TriQuint Semiconductor has used AWR's AXIEM software to simulate an entire MMIC non-uniform distributed power amplifier (NDPA) on a quad-core PC with 4 Gbytes of RAM and a 32-bit operating system. It is the first time the company has been able to electromagnetically simulate an entire structure of this size on a desktop PC.

Electronic warfare (EW) systems require MMIC amplifiers that deliver high power over broad bandwidths with high efficiency, for which TriQuint’s NDPA approach is extremely well suited. However, designing these complex devices requires accurate EM data up to the fifth to seventh harmonic frequency, which results in a very large mesh/matrix of up to 32 ports and 30,000 unknowns. As a result, solving the entire structure has not been practical using available EM solvers.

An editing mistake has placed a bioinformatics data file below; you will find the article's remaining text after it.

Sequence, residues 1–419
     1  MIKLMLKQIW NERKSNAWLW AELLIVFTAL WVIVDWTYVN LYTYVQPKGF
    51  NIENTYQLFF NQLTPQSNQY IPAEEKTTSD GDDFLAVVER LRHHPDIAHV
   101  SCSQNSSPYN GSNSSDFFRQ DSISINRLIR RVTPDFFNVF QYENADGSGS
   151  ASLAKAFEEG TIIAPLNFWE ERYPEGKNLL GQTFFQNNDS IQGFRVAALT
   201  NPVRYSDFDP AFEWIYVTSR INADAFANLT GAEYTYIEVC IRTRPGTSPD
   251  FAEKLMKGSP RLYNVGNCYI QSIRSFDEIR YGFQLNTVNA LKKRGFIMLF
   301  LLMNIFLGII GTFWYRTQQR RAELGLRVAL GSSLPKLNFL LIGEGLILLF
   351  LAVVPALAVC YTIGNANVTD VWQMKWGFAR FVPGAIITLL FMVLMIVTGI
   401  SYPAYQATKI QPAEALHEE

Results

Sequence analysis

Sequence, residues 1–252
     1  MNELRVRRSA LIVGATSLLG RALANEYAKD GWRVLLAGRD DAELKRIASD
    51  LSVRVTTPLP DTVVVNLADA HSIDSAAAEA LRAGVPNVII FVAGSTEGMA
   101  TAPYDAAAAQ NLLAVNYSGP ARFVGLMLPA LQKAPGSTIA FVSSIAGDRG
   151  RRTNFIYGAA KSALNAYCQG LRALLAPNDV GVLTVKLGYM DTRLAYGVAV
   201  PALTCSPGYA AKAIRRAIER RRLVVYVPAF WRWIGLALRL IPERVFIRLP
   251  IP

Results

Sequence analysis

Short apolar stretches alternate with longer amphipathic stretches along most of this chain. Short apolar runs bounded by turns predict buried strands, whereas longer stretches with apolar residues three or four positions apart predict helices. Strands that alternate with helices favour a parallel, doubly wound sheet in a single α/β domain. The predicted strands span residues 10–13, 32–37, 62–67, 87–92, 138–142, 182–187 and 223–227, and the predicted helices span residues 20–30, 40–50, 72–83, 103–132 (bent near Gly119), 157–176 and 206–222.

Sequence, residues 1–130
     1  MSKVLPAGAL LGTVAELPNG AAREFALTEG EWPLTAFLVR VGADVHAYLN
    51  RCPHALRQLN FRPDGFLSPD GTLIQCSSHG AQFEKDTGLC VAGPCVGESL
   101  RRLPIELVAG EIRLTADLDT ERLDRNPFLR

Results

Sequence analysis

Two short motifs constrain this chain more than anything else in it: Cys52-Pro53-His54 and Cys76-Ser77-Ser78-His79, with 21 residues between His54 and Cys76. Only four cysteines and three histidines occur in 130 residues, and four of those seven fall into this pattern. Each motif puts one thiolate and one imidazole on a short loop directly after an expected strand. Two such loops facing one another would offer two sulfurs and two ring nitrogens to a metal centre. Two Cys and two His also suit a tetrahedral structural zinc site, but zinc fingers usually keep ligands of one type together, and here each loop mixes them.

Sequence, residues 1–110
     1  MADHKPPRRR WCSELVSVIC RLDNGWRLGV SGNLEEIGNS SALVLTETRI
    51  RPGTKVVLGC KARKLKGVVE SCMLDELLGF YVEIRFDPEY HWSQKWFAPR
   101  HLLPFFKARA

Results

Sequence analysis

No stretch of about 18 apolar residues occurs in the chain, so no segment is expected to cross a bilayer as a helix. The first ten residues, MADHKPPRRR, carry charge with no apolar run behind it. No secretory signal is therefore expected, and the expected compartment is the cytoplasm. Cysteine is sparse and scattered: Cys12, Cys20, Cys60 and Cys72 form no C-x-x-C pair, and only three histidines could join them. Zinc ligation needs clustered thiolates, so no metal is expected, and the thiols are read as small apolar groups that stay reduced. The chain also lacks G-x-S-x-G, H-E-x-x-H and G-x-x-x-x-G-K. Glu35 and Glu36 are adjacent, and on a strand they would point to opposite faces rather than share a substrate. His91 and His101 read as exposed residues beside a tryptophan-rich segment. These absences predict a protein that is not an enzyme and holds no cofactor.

However, AXIEM’s near-linear scaling allowed TriQuint to simulate the entire NDPA MMIC from DC to 120 GHz in under two minutes per frequency. The achievement was made possible by AXIEM’s shape pre-processor and hybrid adaptive meshing algorithms, which decreased the final mesh size to just over 6,000 unknowns. The MMIC demonstrates saturated RF output power of 9 to 15 W over a broad frequency range of 1.5 and 17 GHz with power-added efficiency greater than 20 percent.